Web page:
I'm an English teacher in South Korea. I want to ask you whether this sentence is grammatical:

  • Jacob learned what people started to farm at school.

I think it's grammatical. I asked one native speaker and she said that it is grammatical. But the textbook claims that it's not grammatical. What are your views on this?

  • 1
    Yes, it's grammatical. No, it's not entirely natural. (Probably learned about would be more common.) It's also ambiguous. Is it something that people started to farm at school, or was what they started to farm learned about by Jacob at school? – Jason Bassford Jun 8 '20 at 7:13
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    A famous linguist and novelist called Orwell once formulated a rule of English: Break any other rule if what you're left with sounds awful. Essentially, grammaticality isn't the only criterion one should use. Almost all grammarians would agree with this (with varying reservations). About this sentence: I'll have the temerity to use a quote from @John Lawler. 'It's grammatical, but that's the only good thing you can say about it.' Grammatical but ... clumsy, and ambiguous. (Lack of context often makes individual sentences less acceptable in exercises.) So grammatical but still unacceptable? – Edwin Ashworth Jun 8 '20 at 11:31
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    My guess is that, in this context, it means the same as "which". Not very natural, and very ambiguous. – Hot Licks Jun 8 '20 at 11:36
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    I aactually am not sure what you intend the sentence to mean. So it might be grammatical, but it doesn't make sense. – Colin Fine Jun 8 '20 at 12:09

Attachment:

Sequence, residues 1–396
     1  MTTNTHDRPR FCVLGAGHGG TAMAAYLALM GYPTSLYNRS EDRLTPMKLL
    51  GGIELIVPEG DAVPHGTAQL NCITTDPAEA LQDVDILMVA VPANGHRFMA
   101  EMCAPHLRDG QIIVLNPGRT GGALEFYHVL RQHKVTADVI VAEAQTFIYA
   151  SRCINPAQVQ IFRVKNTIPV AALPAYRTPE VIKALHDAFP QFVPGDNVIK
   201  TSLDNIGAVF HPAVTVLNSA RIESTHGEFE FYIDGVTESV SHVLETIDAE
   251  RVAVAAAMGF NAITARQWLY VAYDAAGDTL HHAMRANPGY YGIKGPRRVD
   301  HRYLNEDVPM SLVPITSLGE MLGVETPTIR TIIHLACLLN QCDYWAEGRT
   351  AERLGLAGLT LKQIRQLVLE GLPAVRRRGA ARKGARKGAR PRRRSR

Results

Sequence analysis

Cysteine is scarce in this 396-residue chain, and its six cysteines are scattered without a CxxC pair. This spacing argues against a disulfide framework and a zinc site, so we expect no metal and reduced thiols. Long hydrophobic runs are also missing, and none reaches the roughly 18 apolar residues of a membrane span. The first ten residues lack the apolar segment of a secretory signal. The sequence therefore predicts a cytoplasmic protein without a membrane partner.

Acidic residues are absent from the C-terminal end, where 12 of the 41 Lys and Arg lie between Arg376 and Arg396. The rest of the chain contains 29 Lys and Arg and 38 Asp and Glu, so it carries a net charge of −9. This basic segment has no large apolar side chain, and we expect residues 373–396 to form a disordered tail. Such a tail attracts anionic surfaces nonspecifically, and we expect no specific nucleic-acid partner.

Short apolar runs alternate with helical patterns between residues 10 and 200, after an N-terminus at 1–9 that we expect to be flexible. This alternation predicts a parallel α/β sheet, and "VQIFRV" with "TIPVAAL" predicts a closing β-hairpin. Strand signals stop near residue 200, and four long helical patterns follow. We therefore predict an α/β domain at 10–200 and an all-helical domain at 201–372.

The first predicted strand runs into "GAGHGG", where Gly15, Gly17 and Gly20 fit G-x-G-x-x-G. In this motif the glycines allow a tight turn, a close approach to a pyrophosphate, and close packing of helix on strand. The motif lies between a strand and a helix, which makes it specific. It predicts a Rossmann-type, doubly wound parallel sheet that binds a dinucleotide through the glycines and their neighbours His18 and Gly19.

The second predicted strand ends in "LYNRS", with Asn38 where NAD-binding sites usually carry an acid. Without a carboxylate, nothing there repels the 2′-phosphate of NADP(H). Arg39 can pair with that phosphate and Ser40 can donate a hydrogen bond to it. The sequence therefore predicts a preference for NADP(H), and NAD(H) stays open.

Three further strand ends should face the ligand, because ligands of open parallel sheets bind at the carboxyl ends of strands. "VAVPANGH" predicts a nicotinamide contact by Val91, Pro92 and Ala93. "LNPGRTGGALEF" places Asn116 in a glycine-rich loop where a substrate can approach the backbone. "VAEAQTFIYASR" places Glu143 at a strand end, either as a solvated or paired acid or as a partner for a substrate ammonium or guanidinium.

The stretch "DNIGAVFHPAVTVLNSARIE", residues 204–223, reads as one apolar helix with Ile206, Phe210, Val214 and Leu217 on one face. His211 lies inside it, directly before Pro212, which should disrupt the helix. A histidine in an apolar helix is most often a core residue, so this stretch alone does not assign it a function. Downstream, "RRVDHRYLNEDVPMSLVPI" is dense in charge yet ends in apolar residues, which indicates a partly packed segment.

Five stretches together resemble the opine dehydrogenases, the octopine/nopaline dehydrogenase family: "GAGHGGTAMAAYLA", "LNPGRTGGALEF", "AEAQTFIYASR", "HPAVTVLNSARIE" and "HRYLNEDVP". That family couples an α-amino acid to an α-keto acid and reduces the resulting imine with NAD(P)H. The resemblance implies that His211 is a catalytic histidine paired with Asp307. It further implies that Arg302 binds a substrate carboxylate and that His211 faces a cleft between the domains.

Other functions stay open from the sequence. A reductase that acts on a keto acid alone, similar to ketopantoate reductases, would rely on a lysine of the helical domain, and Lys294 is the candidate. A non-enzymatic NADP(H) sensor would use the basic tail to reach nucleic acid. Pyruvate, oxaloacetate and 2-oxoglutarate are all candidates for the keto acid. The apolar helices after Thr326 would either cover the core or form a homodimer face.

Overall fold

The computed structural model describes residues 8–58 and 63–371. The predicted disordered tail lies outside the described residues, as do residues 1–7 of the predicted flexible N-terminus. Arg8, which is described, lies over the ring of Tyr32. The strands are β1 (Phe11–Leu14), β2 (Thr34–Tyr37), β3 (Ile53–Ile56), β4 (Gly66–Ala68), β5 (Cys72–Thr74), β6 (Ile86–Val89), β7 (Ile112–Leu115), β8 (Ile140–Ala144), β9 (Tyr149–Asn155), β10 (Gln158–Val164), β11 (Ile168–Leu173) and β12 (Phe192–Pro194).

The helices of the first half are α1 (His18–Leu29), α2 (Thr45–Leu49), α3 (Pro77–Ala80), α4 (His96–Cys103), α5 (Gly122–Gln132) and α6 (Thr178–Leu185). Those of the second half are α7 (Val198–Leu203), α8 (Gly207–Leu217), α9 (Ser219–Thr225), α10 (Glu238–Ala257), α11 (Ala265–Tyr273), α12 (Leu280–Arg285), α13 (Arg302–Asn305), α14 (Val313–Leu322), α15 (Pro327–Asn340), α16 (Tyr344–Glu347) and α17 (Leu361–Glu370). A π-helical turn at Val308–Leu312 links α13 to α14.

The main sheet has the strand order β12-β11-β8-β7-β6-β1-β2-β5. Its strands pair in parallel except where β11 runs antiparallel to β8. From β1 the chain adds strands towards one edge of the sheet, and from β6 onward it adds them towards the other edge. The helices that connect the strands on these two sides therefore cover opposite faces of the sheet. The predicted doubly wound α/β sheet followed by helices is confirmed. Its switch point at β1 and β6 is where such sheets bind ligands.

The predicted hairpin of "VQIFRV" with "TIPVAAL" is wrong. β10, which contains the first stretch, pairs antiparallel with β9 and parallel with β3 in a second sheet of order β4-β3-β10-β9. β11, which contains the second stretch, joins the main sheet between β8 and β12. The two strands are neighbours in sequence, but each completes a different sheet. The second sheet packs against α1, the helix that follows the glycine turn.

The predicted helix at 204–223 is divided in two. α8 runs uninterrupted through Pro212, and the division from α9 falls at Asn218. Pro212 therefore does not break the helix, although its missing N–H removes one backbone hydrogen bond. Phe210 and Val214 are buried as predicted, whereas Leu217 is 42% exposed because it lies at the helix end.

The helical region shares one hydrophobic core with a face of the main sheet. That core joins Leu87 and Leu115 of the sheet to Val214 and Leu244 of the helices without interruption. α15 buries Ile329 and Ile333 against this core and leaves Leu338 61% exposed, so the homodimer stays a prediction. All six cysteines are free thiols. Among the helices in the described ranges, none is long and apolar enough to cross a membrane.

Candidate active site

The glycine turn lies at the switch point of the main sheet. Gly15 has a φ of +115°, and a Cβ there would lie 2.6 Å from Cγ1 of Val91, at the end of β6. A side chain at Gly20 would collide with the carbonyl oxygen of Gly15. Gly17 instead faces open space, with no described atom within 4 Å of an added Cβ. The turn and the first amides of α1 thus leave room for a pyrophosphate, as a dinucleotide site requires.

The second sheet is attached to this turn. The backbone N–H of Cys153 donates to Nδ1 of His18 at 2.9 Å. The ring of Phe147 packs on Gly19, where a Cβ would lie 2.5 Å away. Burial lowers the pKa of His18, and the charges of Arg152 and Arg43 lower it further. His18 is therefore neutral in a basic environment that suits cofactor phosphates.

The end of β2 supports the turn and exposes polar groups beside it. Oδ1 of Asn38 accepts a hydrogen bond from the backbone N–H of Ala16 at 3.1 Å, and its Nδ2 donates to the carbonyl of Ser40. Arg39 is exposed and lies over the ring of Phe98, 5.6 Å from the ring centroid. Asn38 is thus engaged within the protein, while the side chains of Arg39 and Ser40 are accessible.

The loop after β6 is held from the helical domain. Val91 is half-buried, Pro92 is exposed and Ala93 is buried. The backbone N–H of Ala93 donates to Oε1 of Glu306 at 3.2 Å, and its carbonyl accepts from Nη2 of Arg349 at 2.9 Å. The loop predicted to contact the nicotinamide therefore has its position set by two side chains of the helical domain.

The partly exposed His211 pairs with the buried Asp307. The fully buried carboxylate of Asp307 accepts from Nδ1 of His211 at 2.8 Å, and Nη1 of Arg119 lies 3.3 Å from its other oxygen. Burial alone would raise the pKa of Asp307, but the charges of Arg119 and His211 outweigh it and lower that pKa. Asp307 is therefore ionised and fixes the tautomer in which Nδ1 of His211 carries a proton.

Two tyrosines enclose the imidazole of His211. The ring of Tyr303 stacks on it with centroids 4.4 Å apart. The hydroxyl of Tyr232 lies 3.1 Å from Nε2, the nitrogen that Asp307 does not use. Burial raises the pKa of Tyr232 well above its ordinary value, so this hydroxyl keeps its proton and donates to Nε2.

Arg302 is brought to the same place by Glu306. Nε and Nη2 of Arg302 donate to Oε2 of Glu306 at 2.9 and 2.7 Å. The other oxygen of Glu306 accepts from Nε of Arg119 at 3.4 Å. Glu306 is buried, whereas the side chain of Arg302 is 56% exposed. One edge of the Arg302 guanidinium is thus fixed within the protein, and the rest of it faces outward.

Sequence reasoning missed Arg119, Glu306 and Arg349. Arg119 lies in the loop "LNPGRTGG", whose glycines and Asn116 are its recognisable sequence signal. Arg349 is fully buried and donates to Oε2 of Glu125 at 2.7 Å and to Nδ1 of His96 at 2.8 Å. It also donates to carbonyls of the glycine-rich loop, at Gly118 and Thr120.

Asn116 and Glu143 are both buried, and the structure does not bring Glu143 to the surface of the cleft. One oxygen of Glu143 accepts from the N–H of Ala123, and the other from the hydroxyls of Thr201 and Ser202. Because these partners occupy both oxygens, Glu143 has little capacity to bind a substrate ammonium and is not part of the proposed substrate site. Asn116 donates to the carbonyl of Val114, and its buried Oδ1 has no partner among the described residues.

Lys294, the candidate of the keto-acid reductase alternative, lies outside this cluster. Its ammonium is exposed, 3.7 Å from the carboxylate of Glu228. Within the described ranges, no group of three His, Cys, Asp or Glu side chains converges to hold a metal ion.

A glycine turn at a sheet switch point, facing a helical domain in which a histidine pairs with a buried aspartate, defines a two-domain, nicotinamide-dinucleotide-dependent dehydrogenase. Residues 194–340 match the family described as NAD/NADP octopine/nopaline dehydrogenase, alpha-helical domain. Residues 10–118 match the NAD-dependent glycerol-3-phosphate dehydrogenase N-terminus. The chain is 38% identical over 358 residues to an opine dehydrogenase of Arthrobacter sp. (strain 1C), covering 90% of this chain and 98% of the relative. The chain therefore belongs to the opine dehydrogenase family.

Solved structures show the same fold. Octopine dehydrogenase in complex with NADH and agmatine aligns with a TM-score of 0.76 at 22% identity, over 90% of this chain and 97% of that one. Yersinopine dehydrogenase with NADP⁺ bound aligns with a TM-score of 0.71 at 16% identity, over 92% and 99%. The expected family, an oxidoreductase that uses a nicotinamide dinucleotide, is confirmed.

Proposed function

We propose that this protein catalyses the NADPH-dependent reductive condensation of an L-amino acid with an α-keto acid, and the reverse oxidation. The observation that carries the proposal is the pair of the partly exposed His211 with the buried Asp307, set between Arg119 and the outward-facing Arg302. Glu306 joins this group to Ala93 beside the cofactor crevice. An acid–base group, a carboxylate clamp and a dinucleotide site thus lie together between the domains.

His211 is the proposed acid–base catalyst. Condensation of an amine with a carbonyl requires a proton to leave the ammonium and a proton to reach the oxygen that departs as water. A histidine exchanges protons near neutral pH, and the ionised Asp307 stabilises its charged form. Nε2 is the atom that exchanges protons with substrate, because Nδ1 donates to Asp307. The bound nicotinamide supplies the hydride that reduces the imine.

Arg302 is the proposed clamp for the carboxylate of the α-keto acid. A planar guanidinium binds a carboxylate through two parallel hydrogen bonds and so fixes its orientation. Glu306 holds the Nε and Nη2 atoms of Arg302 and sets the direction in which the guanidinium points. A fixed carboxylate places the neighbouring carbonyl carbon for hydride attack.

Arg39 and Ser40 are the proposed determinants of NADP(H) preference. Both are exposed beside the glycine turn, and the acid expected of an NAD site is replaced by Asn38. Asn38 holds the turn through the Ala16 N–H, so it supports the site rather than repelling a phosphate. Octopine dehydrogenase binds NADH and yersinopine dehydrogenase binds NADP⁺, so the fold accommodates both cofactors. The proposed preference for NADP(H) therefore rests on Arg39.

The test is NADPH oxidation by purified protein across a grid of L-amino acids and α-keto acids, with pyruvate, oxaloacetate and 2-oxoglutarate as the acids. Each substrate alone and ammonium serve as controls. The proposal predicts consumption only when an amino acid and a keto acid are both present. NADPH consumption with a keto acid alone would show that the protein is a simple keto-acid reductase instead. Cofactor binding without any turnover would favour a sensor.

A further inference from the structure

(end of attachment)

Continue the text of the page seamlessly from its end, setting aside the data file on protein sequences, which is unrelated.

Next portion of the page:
Jacob learned what people started to farm at school.

The principle of clarity requires that the meaning is clear not only is to you (the writer), but that it would be clear to the average reader. Echoing the previous comment, it's unclear here whether "what" modifies "people" (i.e., "which people was it who started to farm"), which is not what you meant. Further, the prepositional phrase "at school" is placed too far away from the action it describes, "learned". So, moving it yields "Jacob learned at school [about] what people started to farm." I might even add, for clarity, "what kinds of crops": "Jacob learned at school what kinds of crops people started to farm." Further, I'd want to know why they only "started" to farm. Didn't they actually farm? Is the sense that farming was new to them, or they had returned to it after some hiatus? (The answer to this question depends on the context.)

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